Imagine that you are watching yourself playing in a tournament. You are at home in front of the television and the image of you is on the screen. You watch as you birdie three out of the first five holes for a great start. Hole by hole you are playing superbly, hitting fairway after fairway, sticking approach shots close to pins, and either sinking or narrowly missing putts. On the rare couple of occasions that you missed greens, you expertly chipped to within a foot to save par. Seventeen is a monster, a 500-yard par four with water all along the right up to the green and a tight fairway. You see yourself stripe a driver straight up the middle leaving you with 204 yards to the pin. As you watch, you can feel some nerves because you know how challenging this shot is. Your approach is flawless, the swing is smooth, athletic, the sound crisp, and the ball flight pure. The ten-foot birdie putt is speedy with a significant right to left break. You watch yourself put a silky-smooth stroke on it and track the ball with you eyes as it arcs gracefully towards the hole falling on its last revolution into the cup. This is an impeccable story in your mind. Not just the putt but the entire round you are playing. With just the par five 18th to play and complete your perfectly played round, this is so cool to watch. Suddenly—a thought, “what if I screw this up” then an image, not the one on the screen, a blocked drive into a penalty area, then a wayward approach, and a missed three-footer. Suddenly, you do not want to watch anymore. You wish you could just skip ahead and be told that it ended well. Then you would be willing to rewind and watch, But the idea that you might see yourself make a mess of the last hole is unacceptable and not desirable at all. In your mind this is a terrible thing. But wait, you are yet to hit the tee shot.
How many of you can relate to this? Why does this happen? Amid a dream story we almost always come back to a tragedy. Four and a half hours of positive thoughts and optimistic thinking interrupted abruptly, seemingly out of nowhere by scary, dark, incredibly negative visions. Does it mean that there is something wrong with you? That is the motivation to work with me that many of the golfers have. They know and believe that they have the skills and abilities to be great golfers, but these thoughts are holding them back. If they can just rid themselves of the negative, doubtful dialogue running through their minds, then they will play great.
Bullshit, I say to that. My aim when I work with golfers is not to help them eliminate negative thoughts, emotions, and feelings. I am not going to teach them to “fake it until they make it.” Nor am I going to encourage them to “think like a winner” and the last thing I would ever do is it try to teach them to “get in the zone”. My primary objective in helping a golfer play to their potential consistently is to achieve psychological flexibility.
Psychological flexibility is a term attributed to psychologist Steve Hayes which refers to a state of mind in which one remains focused and committed to what can be controlled to produce the desired results despite the presence of unwanted, uncomfortable thoughts, feelings, and emotions. In other words, learning to figure out and do what works while freaking out rather than to stop the freaking out.
Having negative thoughts even seemingly irrational, fearful ones is not a signal of abnormality. Every thought, feeling, reaction, and perspective makes perfect sense—when you consider your personal history. In golf and life, we create a set of rules to guide us. These rules tell us what is right, wrong, good, bad, valuable, and worthless. As our self-identity becomes fixed to narrower and narrower constructs such as an elite golfer theses rules solidify and govern our behavior. You consider yourself to be an elite golfer and as such you should almost never miss a three-foot putt. That is an example of a rule. How did you arrive at that rule? Through your personal experiences and history, you were exposed to messages programing you to view three-foot putts as easy and to miss them, especially in competition, is just plain bad. Further, because the part of your brain that functions to filter information reasonably and reject irrational ideas, the frontal cortex, doesn’t begin to develop until you are about 13 and is not fully functioning until around 25, you had very little ability to decide for yourself what rules make sense. So, you were bombarded in subtle and not so subtle ways by culture, society, and media most of all into this rigid idea that you need to see a sport psychologist because you’ve gotten anxious and missed some short putts. You think, it is not supposed to be like this, I should not get so nervous and miss putts, that is not what an elite golfer does, there must be something wrong with me.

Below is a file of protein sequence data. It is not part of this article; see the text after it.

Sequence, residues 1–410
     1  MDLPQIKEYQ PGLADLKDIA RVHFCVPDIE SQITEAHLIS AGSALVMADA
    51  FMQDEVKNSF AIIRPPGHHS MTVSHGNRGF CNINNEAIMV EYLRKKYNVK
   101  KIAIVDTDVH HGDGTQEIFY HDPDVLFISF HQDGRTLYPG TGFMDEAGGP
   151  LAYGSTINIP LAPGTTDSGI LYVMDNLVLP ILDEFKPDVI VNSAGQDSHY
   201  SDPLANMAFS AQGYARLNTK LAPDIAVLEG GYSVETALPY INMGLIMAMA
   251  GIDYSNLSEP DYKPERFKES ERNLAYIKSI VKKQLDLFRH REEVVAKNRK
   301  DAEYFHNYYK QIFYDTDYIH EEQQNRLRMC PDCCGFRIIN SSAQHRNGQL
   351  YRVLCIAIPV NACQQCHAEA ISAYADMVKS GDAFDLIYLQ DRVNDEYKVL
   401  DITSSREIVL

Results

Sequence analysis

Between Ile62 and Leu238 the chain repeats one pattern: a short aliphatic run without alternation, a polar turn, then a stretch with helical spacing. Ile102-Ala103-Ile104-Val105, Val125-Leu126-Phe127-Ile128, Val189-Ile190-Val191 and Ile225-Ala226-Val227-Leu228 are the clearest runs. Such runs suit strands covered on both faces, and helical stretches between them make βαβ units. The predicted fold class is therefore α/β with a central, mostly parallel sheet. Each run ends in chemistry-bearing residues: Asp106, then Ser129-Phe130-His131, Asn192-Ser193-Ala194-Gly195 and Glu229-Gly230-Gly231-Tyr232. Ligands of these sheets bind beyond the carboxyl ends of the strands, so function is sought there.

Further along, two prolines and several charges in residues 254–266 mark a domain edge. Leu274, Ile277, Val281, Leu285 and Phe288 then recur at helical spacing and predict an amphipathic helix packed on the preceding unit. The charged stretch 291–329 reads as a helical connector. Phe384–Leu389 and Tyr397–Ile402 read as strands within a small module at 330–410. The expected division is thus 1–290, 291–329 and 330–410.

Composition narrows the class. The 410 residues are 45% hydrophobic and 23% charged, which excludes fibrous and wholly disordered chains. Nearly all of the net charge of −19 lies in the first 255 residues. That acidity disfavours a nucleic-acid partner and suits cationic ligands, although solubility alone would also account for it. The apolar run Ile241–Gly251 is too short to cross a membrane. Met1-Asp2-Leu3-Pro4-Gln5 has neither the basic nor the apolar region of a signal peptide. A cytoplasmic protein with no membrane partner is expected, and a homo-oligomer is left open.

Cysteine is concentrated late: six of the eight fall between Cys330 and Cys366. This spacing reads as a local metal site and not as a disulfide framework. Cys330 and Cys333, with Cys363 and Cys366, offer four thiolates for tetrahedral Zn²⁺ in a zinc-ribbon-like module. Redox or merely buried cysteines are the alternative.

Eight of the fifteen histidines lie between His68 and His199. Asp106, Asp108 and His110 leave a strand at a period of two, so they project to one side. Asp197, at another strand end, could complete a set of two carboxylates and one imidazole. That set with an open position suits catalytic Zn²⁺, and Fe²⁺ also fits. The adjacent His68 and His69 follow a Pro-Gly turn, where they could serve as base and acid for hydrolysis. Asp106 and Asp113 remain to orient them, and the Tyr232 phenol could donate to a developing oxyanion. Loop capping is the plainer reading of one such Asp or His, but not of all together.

I do not fix people. That is not what I am about. Feeling anxious about missing three-foot putts is not a sign of abnormality, it makes complete sense. Given your personal history and experiences, how could you not logically feel anxious about missing them? If anything, telling me, with the personal history you have, that you never feel anxious about missing short putts in tournaments would be abnormal.
Anxiety is not the problem nor the reason you are missing those putts, inflexibility is.
What you are doing when you get anxious is not helping you make those putts—namely, spending energy on getting rid of the anxiety. What you need is a tool—a workable option, something that you can commit your actions to, that will give you a chance.
Imagine that you broke the index finger on your right-hand and you could not bend it at all. Describe what adjustments and modifications you would consider, to make a 10-foot putt. Go into detail with exactly what you might try. Did any of those ideas include unbreaking your finger? Now replace the broken finger with extreme worry and repeat the exercise.